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Qi Gong (Chi Gung)

Qi (chi) Gong is often translated as energy exercise, although gong implies more than just exercise. Gong is something that one must work diligently at in order to achieve something valuable.

The forms that we offer, Therapeutic 20,  Liangong in 18 forms, 49 Dynamic Meridian Qi Gong and 8 Brocade, are meditative in nature, easy to do, and simple to practice.

Virtually anyone can do these exercises. If one has an existing injury or medical consideration, or has a difficult time standing, the moves can be easily modified. 

Those who have difficulty with seated meditation find Qi Gong to be a beneficial alternative, and eventually, a nice transition to seated meditation. 

For those that are used to moving quickly, and constantly multi-tasking, these exercises help to calm both the mind  and body allowing the student to become more productive.

Although Qi Gong has basically the same principles of       Tai Chi, students find these Qi Gong forms easier to learn.  They are in fact a wonderful foundation for Tai Chi.

Therapeutic Qi Gong   (Liangong Shi Ba Fa)        This particular Therapeutic Qi Gong form was created by    Dr. Zhang Yuan Ming of China.  Dr. Zhang, an accomplished martial artist and doctor of traumatology studied with Grand-master Wang Ziping. Therapeutic Qi Gong practice is used to to keep the body healthy, prevent and heal illness and injury, increase focus, balance and flexibility, and decrease stress.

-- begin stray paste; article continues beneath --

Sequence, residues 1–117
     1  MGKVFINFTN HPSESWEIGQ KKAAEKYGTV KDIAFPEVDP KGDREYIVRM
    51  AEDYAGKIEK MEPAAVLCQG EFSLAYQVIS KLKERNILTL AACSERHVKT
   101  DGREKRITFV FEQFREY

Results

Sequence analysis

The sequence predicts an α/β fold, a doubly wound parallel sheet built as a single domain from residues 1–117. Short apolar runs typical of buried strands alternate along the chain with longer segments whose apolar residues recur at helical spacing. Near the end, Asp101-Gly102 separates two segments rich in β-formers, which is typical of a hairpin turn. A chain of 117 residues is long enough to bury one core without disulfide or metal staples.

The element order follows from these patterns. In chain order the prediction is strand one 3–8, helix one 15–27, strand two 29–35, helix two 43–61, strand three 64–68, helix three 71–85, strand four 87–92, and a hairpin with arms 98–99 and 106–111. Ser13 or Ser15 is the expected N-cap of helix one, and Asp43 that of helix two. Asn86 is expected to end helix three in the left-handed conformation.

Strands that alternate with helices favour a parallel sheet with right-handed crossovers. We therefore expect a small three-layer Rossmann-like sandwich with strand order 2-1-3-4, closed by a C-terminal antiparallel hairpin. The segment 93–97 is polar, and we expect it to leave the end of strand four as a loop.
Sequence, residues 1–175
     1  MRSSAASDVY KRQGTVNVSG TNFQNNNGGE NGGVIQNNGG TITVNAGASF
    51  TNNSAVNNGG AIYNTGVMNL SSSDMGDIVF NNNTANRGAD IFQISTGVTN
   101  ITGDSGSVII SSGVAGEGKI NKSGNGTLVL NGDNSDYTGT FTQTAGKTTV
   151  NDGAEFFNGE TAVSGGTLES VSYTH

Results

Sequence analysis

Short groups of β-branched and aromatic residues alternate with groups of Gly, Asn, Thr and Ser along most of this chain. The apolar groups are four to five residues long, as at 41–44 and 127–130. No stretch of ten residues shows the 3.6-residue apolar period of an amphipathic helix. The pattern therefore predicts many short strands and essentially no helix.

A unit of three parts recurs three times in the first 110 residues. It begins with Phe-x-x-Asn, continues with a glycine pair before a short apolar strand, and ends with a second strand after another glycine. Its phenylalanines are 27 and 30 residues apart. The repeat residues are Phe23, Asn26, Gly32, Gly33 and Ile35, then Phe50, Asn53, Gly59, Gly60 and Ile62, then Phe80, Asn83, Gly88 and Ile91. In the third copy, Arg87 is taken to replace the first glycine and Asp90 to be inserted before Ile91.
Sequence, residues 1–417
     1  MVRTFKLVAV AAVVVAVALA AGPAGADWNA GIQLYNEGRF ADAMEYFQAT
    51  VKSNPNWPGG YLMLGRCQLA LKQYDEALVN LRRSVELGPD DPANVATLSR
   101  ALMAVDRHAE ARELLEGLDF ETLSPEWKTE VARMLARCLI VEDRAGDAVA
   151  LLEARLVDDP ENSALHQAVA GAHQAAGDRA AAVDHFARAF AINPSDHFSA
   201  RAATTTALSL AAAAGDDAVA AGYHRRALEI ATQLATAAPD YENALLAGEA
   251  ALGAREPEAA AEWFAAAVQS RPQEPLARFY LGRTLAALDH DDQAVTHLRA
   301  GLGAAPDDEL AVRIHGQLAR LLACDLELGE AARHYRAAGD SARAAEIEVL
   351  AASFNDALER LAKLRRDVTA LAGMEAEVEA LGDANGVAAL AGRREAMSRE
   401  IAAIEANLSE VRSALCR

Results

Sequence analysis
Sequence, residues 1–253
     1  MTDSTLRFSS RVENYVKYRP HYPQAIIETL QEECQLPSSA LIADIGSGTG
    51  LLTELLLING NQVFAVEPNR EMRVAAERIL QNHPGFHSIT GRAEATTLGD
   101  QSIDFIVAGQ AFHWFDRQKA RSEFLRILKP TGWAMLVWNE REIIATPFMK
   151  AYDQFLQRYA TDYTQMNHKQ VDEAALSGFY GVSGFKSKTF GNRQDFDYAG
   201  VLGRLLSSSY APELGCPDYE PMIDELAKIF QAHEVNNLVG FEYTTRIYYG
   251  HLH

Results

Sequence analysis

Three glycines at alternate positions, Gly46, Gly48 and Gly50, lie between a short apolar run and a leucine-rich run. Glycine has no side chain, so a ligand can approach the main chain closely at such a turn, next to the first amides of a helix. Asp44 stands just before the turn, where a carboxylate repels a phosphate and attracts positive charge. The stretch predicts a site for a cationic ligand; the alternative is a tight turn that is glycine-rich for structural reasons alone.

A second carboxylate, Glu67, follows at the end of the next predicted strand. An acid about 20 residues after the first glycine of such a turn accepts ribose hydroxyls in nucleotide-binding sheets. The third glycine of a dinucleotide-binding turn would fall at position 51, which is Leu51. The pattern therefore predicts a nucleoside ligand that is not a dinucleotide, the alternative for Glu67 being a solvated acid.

Therapeutic 20                                                        Therapeutic 20, is a precursor to Liangong in 18 forms. It was originally compiled by the famous Grandmaster Wang Ziping, (1881-1973) and continued through his son-in-law  Wu Chengde and granddaughter Helen Wu. This form was derived from the ancient exercises: daoyin, wuqinxi, yijinjing and baduanjin.

(49 Step) Meridian Qi Gong                                              This form of Meridian Qi Gong is a little more in depth than the above Liangong form. Created by Professor Zhang Guang De, it concentrates on specific meridian points along with some of the meridian channels of the body. It  is also considered a therapeutic Qi Gong exercise. Students practicing this form have the opportunity to learn about Meridian points and channels. 

Eight Section Brocade: Standing and Sitting               Eight pieces of Brocade also called Eight Treasures, is one of the earliest Qigong forms and is said to have been created by Marshal Yue Fei, born February 15th, 1103 A.D. murdered while unjustly imprisoned at the age of 38 on January 27, 1142. This forms is easy to learn and can be practiced in a short period of time.

Ms. Donnelly studied these forms of Qi Gong with Masters Wen-Mei Yu, Aihan Kuhn, Doctor of Chinese Medicine in Holliston, and Wen Ching Wu in Rhode Island. 

*Please see schedule for class locations and dates.

 

                                                              

"Instructor knows her material & transfers to her students."

 

"I like both Chi Gong methods."

 

 

 

Jeanne encouraged questions and emphasized adjusting the movements to our individual comfort level and physical ability.  It was relaxing & vitalizing and very enjoyable. Jeanne obviously is a qualified instructor”

 

 

"The class was very informative and  exciting. Not much I would change."

 

 

 

 

 

 

 

 

 

 

 

               wang ziping                        Wang Ziping 

      

       

     

 

 

 

 

                 8 Brocade 

          Picture By Gueyang Shanren